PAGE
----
In the last several years, the Hubble space telescope has taken deep space photographs. This involved choosing an area of the sky not obscured by bright objects like stars or nearby galaxies, and “opening the shutter” for long periods of time to get a deep exposure.
The Hubble Ultra Deep Field (HUDF) image and the Great Observatories Origins Deep Survey ( GOODS) image were both taken using a special camera called the Advanced Camera for Surveys (ACS) that was mounted on board the Hubble in 2002. The HUDF (now dubbed the HUDF04 because it was taken in 2004) image had the shutter open for about a million seconds.
The goal of the researchers was to detect and study the most distant galaxies in these images. The HUDF04 has about 10,000 objects visible, almost all of which are galaxies, and some have been determined to be at distances corresponding to as early as 700 million years after the big bang.
Researchers have determined a number of key results:
- In the image, the objects are red because of the large amount of redshift.
- The early galaxies discovered are smaller than those nearby and bluish in color, indicating lots of star formation is going on, 10 times that of nearby galaxies.
- Evidence indicates this bluish color may provide a solution to the question of whether astronomers could account for enough ultraviolet radiation to cause the “reionization” of the interstellar material, also called the “reheating” of the universe.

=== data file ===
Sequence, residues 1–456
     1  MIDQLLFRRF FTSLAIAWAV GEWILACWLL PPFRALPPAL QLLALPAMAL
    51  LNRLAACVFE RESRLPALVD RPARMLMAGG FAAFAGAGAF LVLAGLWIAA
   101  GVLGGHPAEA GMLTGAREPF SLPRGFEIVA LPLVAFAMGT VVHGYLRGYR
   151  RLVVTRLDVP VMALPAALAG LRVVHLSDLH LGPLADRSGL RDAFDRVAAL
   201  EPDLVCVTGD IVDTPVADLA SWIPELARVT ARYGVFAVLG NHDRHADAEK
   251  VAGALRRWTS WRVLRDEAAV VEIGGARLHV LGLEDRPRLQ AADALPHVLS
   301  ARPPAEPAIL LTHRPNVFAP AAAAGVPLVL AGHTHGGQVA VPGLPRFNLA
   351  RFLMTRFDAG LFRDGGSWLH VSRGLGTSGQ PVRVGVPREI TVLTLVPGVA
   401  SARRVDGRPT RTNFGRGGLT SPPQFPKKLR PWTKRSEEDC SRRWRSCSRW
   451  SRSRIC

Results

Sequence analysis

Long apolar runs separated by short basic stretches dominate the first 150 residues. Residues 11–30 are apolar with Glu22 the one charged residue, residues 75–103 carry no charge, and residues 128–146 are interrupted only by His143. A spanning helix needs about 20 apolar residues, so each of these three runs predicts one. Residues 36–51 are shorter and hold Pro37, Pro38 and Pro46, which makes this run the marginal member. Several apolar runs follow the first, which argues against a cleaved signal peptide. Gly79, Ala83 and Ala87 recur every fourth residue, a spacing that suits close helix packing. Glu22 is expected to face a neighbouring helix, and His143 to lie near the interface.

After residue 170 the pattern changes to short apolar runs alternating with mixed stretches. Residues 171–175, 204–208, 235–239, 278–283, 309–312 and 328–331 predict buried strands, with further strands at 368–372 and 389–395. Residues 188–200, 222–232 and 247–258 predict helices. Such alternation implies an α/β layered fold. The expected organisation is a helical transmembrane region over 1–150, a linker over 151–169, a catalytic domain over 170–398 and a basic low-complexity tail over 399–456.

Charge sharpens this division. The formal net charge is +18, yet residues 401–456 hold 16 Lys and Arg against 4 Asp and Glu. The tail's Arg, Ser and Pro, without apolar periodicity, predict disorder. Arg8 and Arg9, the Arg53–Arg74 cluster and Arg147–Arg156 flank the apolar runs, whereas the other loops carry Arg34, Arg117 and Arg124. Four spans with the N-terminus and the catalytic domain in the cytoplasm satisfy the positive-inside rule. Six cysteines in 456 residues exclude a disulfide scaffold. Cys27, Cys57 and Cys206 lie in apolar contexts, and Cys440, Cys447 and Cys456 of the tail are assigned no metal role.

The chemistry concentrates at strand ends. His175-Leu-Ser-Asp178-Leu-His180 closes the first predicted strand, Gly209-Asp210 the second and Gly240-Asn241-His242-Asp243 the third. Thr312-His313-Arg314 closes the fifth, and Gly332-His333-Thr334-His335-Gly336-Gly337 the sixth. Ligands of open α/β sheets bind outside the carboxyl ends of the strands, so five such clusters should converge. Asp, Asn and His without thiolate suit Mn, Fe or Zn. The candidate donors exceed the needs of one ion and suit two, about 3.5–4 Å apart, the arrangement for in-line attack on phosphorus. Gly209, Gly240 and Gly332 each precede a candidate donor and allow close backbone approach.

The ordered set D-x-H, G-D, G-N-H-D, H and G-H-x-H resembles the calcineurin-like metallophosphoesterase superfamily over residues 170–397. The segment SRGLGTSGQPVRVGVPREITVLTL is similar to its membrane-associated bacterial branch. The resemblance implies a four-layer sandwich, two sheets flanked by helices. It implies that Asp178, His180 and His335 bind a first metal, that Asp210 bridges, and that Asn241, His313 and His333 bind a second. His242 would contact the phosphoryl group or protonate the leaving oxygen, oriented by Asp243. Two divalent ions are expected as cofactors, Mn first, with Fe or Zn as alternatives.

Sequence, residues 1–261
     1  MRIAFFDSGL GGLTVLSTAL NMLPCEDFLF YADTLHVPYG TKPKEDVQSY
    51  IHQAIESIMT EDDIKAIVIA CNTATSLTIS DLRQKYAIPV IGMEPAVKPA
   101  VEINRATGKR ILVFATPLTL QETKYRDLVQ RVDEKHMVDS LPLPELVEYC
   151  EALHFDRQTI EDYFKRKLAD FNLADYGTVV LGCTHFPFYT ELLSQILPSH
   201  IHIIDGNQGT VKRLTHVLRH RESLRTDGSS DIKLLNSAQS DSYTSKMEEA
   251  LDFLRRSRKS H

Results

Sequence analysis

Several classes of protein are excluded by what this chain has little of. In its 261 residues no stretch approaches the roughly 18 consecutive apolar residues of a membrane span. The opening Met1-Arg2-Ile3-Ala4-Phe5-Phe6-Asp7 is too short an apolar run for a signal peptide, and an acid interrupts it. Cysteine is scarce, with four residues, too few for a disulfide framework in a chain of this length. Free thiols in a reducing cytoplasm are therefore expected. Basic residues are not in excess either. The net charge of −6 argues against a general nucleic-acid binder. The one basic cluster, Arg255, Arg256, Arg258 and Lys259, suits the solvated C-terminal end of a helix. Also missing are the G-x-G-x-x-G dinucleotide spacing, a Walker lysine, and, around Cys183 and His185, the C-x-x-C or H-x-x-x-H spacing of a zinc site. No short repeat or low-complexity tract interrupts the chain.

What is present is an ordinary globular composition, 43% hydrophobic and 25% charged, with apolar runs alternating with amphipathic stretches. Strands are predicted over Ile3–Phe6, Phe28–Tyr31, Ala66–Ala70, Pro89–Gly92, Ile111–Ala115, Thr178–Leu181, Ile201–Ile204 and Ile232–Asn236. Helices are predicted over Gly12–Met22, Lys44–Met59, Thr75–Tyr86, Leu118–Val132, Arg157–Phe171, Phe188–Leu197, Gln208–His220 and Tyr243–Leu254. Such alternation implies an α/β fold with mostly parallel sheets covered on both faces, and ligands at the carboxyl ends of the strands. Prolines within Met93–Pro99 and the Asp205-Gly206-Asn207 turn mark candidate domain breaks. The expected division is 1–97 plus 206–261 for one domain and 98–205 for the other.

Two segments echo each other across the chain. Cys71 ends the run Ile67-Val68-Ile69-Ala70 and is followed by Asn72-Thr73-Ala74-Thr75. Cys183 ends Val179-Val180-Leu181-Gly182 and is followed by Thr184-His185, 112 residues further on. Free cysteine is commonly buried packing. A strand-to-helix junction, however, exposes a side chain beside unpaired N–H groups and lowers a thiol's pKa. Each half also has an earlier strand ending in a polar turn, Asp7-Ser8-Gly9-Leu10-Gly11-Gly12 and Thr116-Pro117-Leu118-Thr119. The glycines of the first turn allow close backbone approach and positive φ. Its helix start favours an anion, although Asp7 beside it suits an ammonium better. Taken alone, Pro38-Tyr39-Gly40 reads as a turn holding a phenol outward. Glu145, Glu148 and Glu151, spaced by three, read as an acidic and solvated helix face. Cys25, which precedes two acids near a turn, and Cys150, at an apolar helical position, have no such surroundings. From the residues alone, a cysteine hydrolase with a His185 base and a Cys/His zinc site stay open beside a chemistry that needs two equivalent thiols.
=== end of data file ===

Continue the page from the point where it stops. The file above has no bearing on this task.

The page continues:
- About 500 objects have ages earlier than 900 million years after the big bang.
- Much fewer, about 10%, were found having ages around 700 million years after the big bang, which is consistent with the big bang model of stars first forming about 200 to 300 million years after the big bang and then quickly collecting into small and then larger galaxies as a function of time.
In recent weeks newly taken photographs have added significantly to these earlier results. The Hubble telescope has been upgraded with a new infrared camera, the Wide Field Camera 3 (WFC3), and used to reexamine the same field contained in the earlier HUDF04 (this new observation is referred to as the HUDF09). Additionally, an international team of astronomers used the European Space Agency’s (ESA) Herschel Space Observatory to obtain deep images, also at infrared wavelengths. Observations with the Herschel telescope (reported on here and here) have yielded thousands of new galaxies at distances of 12 billion light-years.
Astronomers who have observed with the newly improved Hubble telescope (reported on here and here) claim to see galaxies as far away as 13 billion light-years, revealing objects that were shining as early as 650 million years after the big bang. A major goal in all these missions is to discover how galaxies were formed and how they evolved to give rise to present-day galaxies. In particular, astronomers are using this amazing collection of images to quantify details of galaxy formation from the earliest times, including the star-formation rates, the rate of mergers among galaxies, and the abundance of weak active galactic nuclei.
The bottom line is that these results, and those to come, will provide some of the strongest evidence in support for the big bang model and, as a consequence, for the RTB creation model for the beginning of the universe.